A bridge above

A bridge above
A general view shows the new raised walkway installed around the Kabba (top-R) so people with disabilities can circle around the holy shrine to perform the Tawaf, which is part of the hajj pilgrimage, in Mecca's Grand Mosque on October 8, 2013. More than two million Muslims have arrived in the holy city for the annual hajj pilgrimage which begins October 13 amid concerns over the deadly MERS coronavirus.

It comes as a big relief for the elderly and pilgrims in wheelchairs.

The new Mataf bridge in Mecca, Saudi Arabia, can hold about 7,000 wheelchairs per hour. The bridge around the Kaabah, the structure towards which Muslims pray, is for the exclusive use of the disabled and elderly pilgrims during the annual Haj.

Mataf refers to the open white area immediately around the Kaabah where the tawaf (pilgrims circling the Kaaba) takes place.

The Haj Ministry's spokesman Hatim Qadi told Arab News: "Since the bridge would be set apart for the weak, infirm and disabled pilgrims, the movement of able-bodied pilgrims on the ground floor will become easier as that area will be free from wheelchairs that used to clutter an already crowded area." The bridge is 12m wide and 13m high.

This year, the pilgrimage starts on Sunday and ends on Oct 18.

The presidency of the Two Holy Mosques has provided 12,000 standard wheelchairs and 110 electric wheelchairs free of charge for the pilgrims to move inside the mosque.

"A number of volunteers are also ready to push wheelchairs around the clock," said the Grand Mosque's wheelchairs administration director Muslih Al-Mahmadi.


The temporary bridge would soon be expanded to two levels.

The Mataf expansion is expected to be completed by 2015.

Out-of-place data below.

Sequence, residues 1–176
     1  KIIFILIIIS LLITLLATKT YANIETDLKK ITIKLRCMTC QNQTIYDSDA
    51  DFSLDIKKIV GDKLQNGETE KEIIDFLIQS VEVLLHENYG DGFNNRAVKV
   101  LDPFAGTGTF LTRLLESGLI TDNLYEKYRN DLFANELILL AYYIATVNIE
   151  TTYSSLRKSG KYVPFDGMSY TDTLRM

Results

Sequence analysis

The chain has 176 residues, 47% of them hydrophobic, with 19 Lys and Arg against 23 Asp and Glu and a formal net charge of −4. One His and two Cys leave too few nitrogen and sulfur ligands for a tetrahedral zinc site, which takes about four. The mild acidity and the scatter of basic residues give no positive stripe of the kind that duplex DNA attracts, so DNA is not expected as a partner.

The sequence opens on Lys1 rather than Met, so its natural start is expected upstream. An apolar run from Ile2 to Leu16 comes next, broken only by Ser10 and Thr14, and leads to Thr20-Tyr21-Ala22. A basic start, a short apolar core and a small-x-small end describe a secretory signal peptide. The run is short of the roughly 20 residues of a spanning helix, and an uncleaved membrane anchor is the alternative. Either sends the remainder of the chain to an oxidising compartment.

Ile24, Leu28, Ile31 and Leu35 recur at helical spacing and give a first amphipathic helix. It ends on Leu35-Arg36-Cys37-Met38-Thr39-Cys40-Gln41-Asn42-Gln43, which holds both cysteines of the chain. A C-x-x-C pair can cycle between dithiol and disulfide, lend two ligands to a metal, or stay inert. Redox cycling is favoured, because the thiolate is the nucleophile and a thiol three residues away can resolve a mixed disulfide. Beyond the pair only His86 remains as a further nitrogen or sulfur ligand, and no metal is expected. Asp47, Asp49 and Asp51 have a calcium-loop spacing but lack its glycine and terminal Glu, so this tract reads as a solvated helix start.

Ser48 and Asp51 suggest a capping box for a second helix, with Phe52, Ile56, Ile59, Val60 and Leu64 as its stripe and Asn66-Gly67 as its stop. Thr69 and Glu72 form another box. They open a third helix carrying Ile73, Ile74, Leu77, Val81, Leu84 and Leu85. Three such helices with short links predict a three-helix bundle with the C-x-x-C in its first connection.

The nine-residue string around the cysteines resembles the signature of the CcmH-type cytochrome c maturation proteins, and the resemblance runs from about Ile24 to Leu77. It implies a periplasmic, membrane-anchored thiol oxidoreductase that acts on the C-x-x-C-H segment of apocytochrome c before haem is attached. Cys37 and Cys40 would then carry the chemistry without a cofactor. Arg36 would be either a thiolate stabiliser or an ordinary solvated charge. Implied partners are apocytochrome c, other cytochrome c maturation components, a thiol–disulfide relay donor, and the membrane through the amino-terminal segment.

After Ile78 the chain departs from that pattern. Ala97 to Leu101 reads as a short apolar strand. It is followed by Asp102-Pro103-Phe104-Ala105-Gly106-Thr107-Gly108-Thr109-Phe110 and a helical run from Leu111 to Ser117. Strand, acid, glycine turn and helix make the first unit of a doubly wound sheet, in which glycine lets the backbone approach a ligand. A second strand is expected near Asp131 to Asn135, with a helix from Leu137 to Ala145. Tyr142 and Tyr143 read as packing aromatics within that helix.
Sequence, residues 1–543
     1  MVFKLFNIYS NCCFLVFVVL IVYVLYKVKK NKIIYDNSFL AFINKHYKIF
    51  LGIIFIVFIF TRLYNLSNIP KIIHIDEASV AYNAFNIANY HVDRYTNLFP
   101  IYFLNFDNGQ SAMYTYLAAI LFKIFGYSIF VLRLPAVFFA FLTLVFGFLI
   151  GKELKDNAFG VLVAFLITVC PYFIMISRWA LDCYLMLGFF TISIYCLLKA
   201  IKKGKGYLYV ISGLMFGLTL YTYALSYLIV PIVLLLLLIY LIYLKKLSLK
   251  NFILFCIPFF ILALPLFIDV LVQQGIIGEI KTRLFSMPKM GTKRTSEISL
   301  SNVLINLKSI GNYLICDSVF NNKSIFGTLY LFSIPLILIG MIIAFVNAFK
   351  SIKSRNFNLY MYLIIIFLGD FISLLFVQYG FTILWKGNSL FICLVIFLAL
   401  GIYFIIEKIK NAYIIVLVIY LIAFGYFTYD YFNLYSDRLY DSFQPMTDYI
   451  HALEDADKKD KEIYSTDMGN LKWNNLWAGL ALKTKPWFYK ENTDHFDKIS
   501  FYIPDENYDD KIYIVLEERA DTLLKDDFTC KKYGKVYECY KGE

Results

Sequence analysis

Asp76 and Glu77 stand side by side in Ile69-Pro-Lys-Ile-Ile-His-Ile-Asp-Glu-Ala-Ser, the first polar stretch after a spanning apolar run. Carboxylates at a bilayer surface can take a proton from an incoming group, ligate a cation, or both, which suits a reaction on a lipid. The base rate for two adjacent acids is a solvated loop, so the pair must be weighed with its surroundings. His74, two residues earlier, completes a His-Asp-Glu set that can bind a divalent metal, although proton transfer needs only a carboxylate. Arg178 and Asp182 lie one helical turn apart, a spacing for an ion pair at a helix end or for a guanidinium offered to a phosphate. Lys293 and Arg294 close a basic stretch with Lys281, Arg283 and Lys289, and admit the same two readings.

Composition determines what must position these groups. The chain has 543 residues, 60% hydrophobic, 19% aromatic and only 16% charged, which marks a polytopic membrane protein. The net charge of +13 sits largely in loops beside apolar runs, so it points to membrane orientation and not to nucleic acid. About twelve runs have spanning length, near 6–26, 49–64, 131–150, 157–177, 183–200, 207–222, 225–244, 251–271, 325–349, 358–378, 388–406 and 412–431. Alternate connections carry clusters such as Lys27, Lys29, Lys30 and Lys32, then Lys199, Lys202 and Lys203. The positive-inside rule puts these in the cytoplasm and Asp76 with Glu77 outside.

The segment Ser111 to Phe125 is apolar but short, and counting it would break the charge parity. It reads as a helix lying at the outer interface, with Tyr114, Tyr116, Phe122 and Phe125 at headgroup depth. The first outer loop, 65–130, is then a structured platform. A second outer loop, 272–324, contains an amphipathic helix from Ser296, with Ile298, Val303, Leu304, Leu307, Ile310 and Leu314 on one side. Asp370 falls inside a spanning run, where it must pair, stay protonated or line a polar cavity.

"I like the new bridge," said Mr Kerim Ahmet, an elderly Turkish pilgrim who performed the tawaf in a wheelchair on the bridge.

"It makes it easier for pilgrims (on foot) to circle the Kaabah without the fear of being knocked by a wheelchair from behind."

Saudi Arabia, meanwhile, announced high-tech security plans on Wednesday for the Haj.

More than 95,000 security personnel will be deployed to prevent terror attacks, according to the Saudi Press Agency. And about 4,000 closedcircuit television cameras have been installed to monitor the movement of the pilgrims.

Last year, a total of 3.2 million faithfuls, including 1.75 million foreigners, performed the pilgrimage, Middle East online reported.

This year, about 2 million are expected after Saudi Arabia announced a crackdown on illegal pilgrims. It also cut foreigners' quota by 20 per cent and Saudis by 50 per cent.

The pilgrimage is one of the five pillars of Islam that should be performed at least once in a lifetime by every Muslim who is financially and physically capable.

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